Electrical Questions? Ask an Electrician Online.
Hello and welcome to Just Answer. My name is ***** ***** I will be happy to assist you with your electrical question.
1) Post the pictures and provide me with the model number of the Hubbell.
2) Also provide me with the details as to the problem with the box and we can take it from there.
No problem, I will opt out of the question. Jason is very seldom logged on here in recent months.
Take care and have a great day........Thanks...........Kevin:)
Hi Johnny. Thanks for requesting me. You can post your photos at any time.
Thank you for posting the photos. In looking at the schematic, it appears the contactor is in place to help ensure proper polarity. Rather than bypass it, I would replace it. Contactors aren't expensive, and by putting a new one in, you have a factory original piece of equipment.
Are you able to get the contactor to pull in at all? I followed the coil leads as much as I could, but it was difficult to tell what controls the coil. If you push the contactor in manually, do the outlets work?
The contactor can engage with one hot connected, two hots connected, or no hots connected. The coil wires have to be connected in order for it to engage, and those coil wires have to be energized. On the schematic, the coil wires are the thin red and blue lines on the top and bottom of the contactor. The line voltage power leads are the thicker black and red lines on the left and right. I followed both coil wires to the box marked "Polarity Supervisory Circuit" (N1 and N2).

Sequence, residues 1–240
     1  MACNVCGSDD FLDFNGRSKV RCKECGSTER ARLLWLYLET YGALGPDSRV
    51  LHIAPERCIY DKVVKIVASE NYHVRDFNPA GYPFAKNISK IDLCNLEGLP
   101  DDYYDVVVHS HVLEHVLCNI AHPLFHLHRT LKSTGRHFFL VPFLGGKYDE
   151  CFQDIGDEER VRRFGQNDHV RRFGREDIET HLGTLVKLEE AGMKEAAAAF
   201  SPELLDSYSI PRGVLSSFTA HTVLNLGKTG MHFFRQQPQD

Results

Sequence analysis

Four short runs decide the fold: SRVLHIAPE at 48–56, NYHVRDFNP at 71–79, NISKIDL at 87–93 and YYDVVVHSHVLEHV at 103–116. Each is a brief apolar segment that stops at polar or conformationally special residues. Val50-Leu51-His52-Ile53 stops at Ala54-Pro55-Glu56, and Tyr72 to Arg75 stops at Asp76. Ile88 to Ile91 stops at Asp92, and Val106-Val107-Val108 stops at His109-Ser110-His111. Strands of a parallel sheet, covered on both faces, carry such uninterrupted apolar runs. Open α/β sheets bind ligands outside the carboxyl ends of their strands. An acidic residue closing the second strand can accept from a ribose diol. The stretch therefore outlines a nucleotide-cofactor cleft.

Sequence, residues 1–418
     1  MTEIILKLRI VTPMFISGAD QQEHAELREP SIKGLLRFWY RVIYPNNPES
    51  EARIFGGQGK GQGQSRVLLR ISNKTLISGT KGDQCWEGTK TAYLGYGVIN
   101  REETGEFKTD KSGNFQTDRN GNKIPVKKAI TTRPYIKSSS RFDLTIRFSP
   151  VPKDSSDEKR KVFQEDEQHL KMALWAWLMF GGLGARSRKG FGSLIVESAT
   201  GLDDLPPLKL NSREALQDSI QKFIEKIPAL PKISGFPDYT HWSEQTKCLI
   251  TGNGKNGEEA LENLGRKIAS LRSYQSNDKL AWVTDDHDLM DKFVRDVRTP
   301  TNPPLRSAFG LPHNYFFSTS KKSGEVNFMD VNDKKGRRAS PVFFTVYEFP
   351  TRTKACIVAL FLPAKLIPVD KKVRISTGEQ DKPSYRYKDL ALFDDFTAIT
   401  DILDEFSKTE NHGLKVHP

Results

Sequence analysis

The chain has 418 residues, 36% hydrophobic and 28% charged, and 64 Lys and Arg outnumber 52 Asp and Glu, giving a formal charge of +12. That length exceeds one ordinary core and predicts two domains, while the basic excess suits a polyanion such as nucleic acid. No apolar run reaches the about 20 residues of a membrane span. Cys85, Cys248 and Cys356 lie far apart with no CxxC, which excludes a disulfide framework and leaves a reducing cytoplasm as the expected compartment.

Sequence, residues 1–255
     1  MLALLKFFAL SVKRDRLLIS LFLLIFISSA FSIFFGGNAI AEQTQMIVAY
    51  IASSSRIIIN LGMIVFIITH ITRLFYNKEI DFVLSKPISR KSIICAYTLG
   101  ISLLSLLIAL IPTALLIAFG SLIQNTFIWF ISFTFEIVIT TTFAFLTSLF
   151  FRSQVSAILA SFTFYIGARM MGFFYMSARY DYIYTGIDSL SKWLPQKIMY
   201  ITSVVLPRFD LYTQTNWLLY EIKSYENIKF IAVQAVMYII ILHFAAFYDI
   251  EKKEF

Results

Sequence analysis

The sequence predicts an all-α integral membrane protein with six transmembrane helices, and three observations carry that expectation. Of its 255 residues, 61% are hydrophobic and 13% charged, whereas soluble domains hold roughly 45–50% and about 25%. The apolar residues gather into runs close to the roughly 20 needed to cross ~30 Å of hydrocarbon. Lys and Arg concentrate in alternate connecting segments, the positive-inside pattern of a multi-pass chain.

I would take a reading across those coil wires when the contactor should be pulled in, and see what you get. If the coil wires are energized but the contactor isn't pulled in, replace the coil, or the entire contactor. As a test, you can bypass the contactor by removing the heavier black and red wires and temporarily splicing them to each other. If that gives you power at the outlets, the contactor is probably bad (or the coil on the contactor, to be more specific).